Greenhouses are not the only solution for growing food in the winter. Greens, fruits and vegetables can be grown in the cold winter months, indoors! Almost any windowsill, given enough light and a location that does not freeze in the winter, should work. Herbs in particular are fun, easy and very resourceful—you don’t have to leave the kitchen to get fresh, aromatic spices.  With an inventive eye and a curious mind, you can find foodgrowing niches all over the house!

Choose a location.

Generally, south-facing windows (in the Northern Hemisphere) are better locations for growing herbs, greens and vegetables as more light and heat pervade this area. When choosing a location, observe the space at various times over a few days and make sure it gets direct sunlight, especially in the morning. There is no need to be too fussy, however, as the great thing about potted plants is they are mobile: If they are not doing well in one location, just pick up the pots and move them.

Select herbs, vegetables and greens.

More important than “what will grow” is “what you will eat”!  Choose seeds or seedlings of foods you like, so you not only enjoy growing them, but anticipate eating them!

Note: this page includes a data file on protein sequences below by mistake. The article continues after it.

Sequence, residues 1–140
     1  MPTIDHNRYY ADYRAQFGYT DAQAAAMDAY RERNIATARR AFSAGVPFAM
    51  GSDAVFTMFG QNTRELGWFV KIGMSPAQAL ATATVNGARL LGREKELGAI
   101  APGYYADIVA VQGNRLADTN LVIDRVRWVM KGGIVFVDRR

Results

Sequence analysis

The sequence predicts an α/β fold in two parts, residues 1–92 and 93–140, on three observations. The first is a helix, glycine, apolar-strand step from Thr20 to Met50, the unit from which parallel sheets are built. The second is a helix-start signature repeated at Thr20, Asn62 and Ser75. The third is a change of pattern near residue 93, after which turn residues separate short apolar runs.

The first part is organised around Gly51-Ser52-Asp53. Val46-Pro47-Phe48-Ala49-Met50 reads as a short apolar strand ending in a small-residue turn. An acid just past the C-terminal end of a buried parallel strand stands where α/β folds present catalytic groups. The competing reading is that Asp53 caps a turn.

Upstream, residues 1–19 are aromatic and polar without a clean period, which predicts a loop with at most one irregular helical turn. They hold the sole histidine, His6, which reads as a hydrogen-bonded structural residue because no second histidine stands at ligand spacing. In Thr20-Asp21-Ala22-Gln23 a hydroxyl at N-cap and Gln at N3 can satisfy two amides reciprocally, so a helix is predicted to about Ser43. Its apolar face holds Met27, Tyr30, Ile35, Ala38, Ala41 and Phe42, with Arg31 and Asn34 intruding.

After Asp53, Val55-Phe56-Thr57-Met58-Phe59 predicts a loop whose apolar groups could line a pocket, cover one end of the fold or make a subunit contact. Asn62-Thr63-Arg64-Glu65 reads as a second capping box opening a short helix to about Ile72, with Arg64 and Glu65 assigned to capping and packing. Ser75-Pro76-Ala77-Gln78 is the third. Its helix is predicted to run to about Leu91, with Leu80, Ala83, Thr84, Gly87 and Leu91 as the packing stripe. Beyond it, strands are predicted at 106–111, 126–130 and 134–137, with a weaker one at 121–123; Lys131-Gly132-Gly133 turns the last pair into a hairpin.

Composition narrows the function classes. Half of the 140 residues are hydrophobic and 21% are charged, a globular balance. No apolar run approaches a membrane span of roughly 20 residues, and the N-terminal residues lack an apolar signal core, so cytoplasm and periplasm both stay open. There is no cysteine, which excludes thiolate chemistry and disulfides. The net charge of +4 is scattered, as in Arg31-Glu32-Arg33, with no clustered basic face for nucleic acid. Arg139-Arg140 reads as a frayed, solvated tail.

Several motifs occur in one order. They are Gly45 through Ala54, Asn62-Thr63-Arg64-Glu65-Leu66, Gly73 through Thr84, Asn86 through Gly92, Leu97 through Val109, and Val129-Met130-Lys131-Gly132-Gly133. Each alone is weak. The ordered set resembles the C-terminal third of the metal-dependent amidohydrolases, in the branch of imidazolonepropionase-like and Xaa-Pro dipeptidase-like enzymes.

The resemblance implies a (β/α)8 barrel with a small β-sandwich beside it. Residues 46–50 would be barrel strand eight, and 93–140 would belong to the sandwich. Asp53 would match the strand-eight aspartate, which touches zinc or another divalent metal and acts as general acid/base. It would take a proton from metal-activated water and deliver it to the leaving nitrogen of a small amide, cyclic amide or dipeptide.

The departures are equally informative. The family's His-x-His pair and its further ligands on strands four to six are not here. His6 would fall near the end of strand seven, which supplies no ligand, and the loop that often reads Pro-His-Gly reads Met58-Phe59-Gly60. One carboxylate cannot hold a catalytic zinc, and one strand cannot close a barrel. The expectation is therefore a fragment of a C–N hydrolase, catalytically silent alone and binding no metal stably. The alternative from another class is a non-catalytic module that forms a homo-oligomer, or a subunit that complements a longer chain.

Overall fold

Choose your containers.

Planting in any container with drainage should do. Get creative!  An old milk carton or a wicker basket can work just as well as a ceramic flowerpot. I recommend using organic or local potting mix without peat moss to cut down on unnecessary fossil fuel consumption. Good-quality compost is the key ingredient. If starting from seed, sow the seed in the soil only two times deeper than the length of the seed. Make sure the soil is damp and not soaked.  Herbs generally do not like to sit in wet soil.


I like to think of my harvests as pruning. Harvesting inspires the plant to grow, like a good haircut, and at the same time provides the rewards of my efforts.

Windowsill gardening is a simple, family-fun project, and is a great way to get children and adults alike inspired to grow food and begin the journey towards a sustainable lifestyle. In the next issue of edibleASPEN I will cover spring garden design and other foodproducing backyard project ideas!

For more ideas or support with gardening, composting or any food production projects, contact Aspen T.R.E.E.—Together Regenerating the Environment through Education—at www.aspen-tree.org.

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